• How women can prevent some birth defects including consuming adequate amounts of folic acid through diet and dietary supplements.

Although the causes of most birth defects are unknown, the link between adequate folic acid consumption and the reduced risk for NTDs is well documented.


Family photo
The Campaign targets women of childbearing age and health care providers focused on women’s and adolescents’ health. To help prevent birth defects the Campaign educates women of childbearing age about the need for consuming at least 400 micrograms of folic acid daily both before conception and during pregnancy.

Women of reproductive age are the primary target audience of the Folic Acid Campaign because:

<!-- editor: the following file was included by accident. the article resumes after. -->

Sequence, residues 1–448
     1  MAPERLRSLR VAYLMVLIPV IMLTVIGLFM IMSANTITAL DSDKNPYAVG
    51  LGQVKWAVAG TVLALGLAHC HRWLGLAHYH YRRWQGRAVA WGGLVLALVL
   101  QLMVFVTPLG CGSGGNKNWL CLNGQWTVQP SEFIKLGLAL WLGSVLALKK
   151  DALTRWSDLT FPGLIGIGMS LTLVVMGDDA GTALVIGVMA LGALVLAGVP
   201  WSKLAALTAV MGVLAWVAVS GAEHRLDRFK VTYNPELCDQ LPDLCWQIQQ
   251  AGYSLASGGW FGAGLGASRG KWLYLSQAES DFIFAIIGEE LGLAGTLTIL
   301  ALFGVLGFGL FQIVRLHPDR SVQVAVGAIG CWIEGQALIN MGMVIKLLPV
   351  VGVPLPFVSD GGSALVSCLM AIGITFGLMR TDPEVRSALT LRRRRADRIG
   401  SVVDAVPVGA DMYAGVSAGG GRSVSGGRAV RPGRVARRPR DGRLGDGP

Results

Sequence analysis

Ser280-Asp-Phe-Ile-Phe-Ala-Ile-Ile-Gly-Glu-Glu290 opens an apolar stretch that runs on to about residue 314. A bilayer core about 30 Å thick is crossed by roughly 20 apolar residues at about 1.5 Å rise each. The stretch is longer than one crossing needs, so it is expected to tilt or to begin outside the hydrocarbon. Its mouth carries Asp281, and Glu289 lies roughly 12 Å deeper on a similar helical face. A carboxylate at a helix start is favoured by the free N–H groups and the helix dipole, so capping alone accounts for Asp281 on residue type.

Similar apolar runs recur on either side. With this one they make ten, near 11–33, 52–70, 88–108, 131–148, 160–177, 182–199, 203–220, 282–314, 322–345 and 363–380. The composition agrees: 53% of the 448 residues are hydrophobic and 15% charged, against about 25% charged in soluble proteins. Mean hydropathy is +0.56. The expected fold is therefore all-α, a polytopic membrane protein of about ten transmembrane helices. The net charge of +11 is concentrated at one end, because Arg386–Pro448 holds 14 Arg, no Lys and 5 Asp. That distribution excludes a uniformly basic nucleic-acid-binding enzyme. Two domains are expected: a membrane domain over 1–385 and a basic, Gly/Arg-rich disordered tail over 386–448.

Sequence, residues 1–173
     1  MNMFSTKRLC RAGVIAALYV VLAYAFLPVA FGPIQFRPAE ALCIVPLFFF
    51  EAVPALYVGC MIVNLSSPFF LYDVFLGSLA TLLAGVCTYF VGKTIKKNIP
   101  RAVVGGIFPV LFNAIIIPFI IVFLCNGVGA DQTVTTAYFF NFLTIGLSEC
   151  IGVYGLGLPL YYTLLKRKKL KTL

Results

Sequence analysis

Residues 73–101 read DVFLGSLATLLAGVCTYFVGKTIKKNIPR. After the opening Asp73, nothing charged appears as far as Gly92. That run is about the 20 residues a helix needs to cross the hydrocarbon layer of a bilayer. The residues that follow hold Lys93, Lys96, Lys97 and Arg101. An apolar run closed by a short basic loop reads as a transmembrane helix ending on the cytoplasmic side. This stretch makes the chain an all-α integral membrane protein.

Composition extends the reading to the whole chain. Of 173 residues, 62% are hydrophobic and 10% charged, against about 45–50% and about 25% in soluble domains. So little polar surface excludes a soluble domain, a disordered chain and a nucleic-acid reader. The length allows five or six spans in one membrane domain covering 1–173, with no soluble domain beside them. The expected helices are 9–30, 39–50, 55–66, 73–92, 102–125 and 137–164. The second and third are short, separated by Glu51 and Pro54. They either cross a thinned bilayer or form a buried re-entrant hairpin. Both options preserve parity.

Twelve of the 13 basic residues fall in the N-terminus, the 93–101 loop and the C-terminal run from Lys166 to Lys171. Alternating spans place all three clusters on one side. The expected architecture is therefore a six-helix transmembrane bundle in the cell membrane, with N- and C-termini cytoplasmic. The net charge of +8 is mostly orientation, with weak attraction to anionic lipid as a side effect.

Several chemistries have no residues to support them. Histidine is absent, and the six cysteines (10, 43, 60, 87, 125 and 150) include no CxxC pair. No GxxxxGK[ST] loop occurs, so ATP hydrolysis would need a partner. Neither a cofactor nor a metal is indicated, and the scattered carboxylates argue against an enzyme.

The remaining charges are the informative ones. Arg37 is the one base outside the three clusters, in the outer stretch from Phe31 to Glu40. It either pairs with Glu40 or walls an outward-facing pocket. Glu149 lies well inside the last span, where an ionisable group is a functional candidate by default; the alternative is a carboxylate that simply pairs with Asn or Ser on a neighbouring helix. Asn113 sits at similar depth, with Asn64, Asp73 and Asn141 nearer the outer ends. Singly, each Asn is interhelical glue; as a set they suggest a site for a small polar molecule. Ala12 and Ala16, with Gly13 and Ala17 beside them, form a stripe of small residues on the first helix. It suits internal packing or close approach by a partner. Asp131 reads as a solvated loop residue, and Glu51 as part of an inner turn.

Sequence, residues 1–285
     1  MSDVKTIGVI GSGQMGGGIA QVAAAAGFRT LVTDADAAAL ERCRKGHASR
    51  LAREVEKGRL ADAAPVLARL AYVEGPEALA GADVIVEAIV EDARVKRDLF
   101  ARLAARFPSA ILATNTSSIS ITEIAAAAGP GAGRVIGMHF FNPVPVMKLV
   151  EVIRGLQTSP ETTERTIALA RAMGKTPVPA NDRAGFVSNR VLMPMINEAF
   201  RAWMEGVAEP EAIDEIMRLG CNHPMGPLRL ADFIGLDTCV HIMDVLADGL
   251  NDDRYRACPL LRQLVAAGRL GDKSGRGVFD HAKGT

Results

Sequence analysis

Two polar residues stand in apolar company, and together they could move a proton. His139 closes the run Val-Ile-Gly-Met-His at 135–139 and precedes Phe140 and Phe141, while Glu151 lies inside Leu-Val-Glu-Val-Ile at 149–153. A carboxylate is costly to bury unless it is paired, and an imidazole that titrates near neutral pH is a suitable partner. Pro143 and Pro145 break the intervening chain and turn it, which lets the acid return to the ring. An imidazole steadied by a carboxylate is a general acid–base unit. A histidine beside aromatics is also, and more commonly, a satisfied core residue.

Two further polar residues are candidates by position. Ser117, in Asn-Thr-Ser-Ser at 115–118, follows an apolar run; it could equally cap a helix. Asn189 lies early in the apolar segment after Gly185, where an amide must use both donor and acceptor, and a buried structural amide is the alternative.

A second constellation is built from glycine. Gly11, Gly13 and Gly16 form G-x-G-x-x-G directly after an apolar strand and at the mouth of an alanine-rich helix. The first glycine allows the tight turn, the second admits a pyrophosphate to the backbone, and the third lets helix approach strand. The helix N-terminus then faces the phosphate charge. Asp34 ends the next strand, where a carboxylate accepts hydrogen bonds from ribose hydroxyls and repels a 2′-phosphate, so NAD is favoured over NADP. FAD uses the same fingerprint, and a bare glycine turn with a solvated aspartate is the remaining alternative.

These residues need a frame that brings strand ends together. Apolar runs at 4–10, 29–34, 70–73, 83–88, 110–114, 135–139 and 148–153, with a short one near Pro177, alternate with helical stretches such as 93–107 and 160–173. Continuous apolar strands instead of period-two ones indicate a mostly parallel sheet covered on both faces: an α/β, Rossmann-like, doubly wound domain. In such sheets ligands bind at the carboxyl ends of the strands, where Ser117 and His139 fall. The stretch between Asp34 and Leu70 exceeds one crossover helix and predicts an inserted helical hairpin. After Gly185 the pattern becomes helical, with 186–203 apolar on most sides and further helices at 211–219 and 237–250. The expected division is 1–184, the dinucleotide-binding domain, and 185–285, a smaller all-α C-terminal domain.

• NTD develop very early in pregnancy (13 – 30 days after conception), often before most women know they are pregnant.
  • More than half of pregnancies are not planned, so it is particularly important that all women of childbearing age get the appropriate daily dose of folic acid.
  • Folic acid helps the mother and the developing baby have a healthy body. Folic acid:
    • Is essential for producing red blood cells and tissue cells.
    • Aids in cell division and growth.
    • Promotes a healthy intestinal tract.
    • Fosters the normal growth of cells.
    • Is linked to a decrease in heart disease in adults.
    • Reduces the occurrence of cleft palate.

Women are at increased risk for having an NTD-affected pregnancy if they have had a previous NTD-affected pregnancy, have spina bifida or have a close family member with spina bifida, or are obese.

Foods made from grain include biscuits, cereal, breads, pasta, rice, crackers

Educational Materials